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I am wondering if any of you can shed some light on this new company:

I recently purchased a few bars to taste and consider using at chocolate tastings that we host and I am unable to determine basic things about the bars, like where they are made?! Very surprisingly this information is nowhere to be found on their packaging.

I am hoping some of you might be able to shed some light on this company, their tree planting feature, who the people behind the company are... anything!


Sunita de Tourreil
co-Founder Chocolate Dividends

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Comment by ChocoFiles on February 12, 2010 at 7:21am

Regarding Lesal Ruskey... I'm wondering if you're correct that she is no longer at OB. If you haven't talked to her in several months how do you know she's left OB? She's still listed on their website as a co-founder. Also, on 1/21/10 she sent me a message saying, "I am indeed one of the founders, and developed the recipe/formulations of Esmeraldas (Ecuador) and Virunga (Congo) bars." That indicates to me that she was still with the company ~3 weeks ago.

If you could help clear this up I'd appreciate it.

Philipp K, would you mind setting the record straight on this?
Comment by Mark J Sciscenti on February 9, 2010 at 10:35am
Thank you Philipp for your quick response and information. As I suspected, my information was somewhat faulty. Thank you for the clarification on Volker and your background. I like the work that you are doing as it seems to be truly what sustainability really means. This is what the fair-trade/organic movement should be including in order to truly support biodiversity and cultural/economic sustainability. One reason why the prices on your chocolate are higher - this actually reflects some of the true costs instead of our highly subsidized world commodities agriculture market.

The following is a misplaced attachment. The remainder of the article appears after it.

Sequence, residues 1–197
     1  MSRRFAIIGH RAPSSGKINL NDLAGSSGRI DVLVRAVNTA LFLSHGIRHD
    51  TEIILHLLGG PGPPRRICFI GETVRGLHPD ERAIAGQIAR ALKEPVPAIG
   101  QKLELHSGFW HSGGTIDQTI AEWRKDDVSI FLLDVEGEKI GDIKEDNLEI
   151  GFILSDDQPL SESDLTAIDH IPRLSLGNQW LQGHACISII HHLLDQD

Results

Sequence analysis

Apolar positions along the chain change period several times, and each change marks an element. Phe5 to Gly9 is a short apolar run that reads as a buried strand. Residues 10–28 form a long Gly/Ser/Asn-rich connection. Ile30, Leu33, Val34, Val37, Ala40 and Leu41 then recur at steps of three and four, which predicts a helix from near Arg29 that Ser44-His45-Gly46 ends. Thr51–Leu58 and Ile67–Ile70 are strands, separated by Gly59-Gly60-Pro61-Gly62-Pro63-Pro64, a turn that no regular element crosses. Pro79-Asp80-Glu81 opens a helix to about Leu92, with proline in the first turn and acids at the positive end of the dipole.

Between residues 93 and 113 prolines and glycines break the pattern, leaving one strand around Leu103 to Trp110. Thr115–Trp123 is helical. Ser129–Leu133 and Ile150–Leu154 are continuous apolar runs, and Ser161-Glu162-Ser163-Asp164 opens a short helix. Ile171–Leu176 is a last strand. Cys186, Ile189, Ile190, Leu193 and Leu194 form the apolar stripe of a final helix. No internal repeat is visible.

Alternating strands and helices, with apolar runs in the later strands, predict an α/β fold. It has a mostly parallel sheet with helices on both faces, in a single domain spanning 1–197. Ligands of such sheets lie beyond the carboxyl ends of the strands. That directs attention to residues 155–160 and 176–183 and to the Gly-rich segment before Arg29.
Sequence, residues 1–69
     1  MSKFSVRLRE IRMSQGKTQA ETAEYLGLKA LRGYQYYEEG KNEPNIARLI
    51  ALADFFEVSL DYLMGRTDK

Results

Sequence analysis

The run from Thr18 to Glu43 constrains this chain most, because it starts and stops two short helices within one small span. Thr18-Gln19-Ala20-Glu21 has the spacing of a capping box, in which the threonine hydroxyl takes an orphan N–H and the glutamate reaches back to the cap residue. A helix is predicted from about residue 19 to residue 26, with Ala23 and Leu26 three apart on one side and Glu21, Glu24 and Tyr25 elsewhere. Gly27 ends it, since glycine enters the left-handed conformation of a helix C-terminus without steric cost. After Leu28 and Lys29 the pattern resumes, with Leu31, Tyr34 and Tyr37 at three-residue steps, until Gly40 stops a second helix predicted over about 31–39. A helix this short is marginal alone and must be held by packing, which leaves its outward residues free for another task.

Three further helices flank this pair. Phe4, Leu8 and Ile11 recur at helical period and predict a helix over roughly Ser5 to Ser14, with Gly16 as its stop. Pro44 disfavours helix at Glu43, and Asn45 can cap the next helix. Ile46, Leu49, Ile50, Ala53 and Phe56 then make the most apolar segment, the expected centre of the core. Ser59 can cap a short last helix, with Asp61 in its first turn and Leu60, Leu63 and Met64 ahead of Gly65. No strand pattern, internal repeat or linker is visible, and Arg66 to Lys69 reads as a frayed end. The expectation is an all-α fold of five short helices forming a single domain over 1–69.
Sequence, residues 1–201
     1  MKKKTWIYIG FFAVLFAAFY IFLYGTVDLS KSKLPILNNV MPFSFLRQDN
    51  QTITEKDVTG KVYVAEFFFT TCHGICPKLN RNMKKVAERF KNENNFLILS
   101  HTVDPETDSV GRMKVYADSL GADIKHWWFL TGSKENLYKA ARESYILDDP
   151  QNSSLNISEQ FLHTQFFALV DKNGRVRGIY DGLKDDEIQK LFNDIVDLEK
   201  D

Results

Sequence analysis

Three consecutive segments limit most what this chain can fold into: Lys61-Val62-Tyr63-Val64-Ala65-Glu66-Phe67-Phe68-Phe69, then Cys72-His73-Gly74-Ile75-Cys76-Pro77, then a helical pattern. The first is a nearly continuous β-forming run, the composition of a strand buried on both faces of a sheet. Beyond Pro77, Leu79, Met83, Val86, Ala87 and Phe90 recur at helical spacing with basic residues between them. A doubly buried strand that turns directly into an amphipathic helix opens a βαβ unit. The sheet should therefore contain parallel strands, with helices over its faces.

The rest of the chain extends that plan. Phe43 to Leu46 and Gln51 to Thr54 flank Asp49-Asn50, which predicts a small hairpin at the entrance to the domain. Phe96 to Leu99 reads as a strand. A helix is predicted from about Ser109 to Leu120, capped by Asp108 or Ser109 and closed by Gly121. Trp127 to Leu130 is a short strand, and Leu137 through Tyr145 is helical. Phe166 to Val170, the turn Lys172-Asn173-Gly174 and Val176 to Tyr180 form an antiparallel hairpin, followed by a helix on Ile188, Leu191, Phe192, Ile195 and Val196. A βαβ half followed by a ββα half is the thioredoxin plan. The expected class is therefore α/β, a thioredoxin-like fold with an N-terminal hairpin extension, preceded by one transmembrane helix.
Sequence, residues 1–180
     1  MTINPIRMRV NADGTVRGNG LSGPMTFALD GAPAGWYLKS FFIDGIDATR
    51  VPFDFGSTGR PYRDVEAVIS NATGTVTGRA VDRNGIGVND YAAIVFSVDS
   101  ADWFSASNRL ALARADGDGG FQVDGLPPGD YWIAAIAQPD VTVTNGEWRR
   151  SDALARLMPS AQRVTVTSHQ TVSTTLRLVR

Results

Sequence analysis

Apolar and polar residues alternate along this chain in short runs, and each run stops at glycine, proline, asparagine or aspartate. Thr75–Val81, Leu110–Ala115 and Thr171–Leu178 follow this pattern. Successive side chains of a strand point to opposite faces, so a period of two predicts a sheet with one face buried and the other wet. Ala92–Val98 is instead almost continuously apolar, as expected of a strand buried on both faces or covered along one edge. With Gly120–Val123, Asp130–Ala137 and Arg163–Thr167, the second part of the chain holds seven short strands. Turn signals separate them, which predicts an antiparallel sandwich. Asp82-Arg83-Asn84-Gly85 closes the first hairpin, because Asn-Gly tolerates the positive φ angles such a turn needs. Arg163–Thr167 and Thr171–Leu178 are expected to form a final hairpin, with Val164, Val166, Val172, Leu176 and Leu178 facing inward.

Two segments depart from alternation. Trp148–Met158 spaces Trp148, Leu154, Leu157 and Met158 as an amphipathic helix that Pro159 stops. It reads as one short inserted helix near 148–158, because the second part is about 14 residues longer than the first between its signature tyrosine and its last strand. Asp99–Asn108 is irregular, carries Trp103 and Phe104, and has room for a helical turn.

Comment by Philipp Kauffmann on February 9, 2010 at 8:46am
Thanks, Clay, for attending me to this thread.

Thanks, Sunita, for your interest in our products and company, also with regard to your tastings. Chocolate Dividends is a great name and a powerful concept. I’d love to learn more.

We hope our website and our Internet postings do provide some good information on who we are and how we operate.

We have founded the company as a direct conclusion of many years of work and experience in the nature conservation and smallholder development arena. My background is in conservation, which is where I met Volker Lehmann years ago, when I was involved in financing La Tranquilidad. Rodney has spent his career in developing and financing smallholder organizations. On our website we have a link to a great network that's run from our office in Amsterdam:

The idea of the company was to design and maintain a supply chain that replenishes rather than exploits. Our principles of operations and criteria for sourcing are on the site.

We spend a lot of time and money with/in origins and source beans directly. Bolivia is the only exception, since the contracts between Repsa and Pronatec preceeded our agreements. We prefer to import directly and manage our own bean inventory.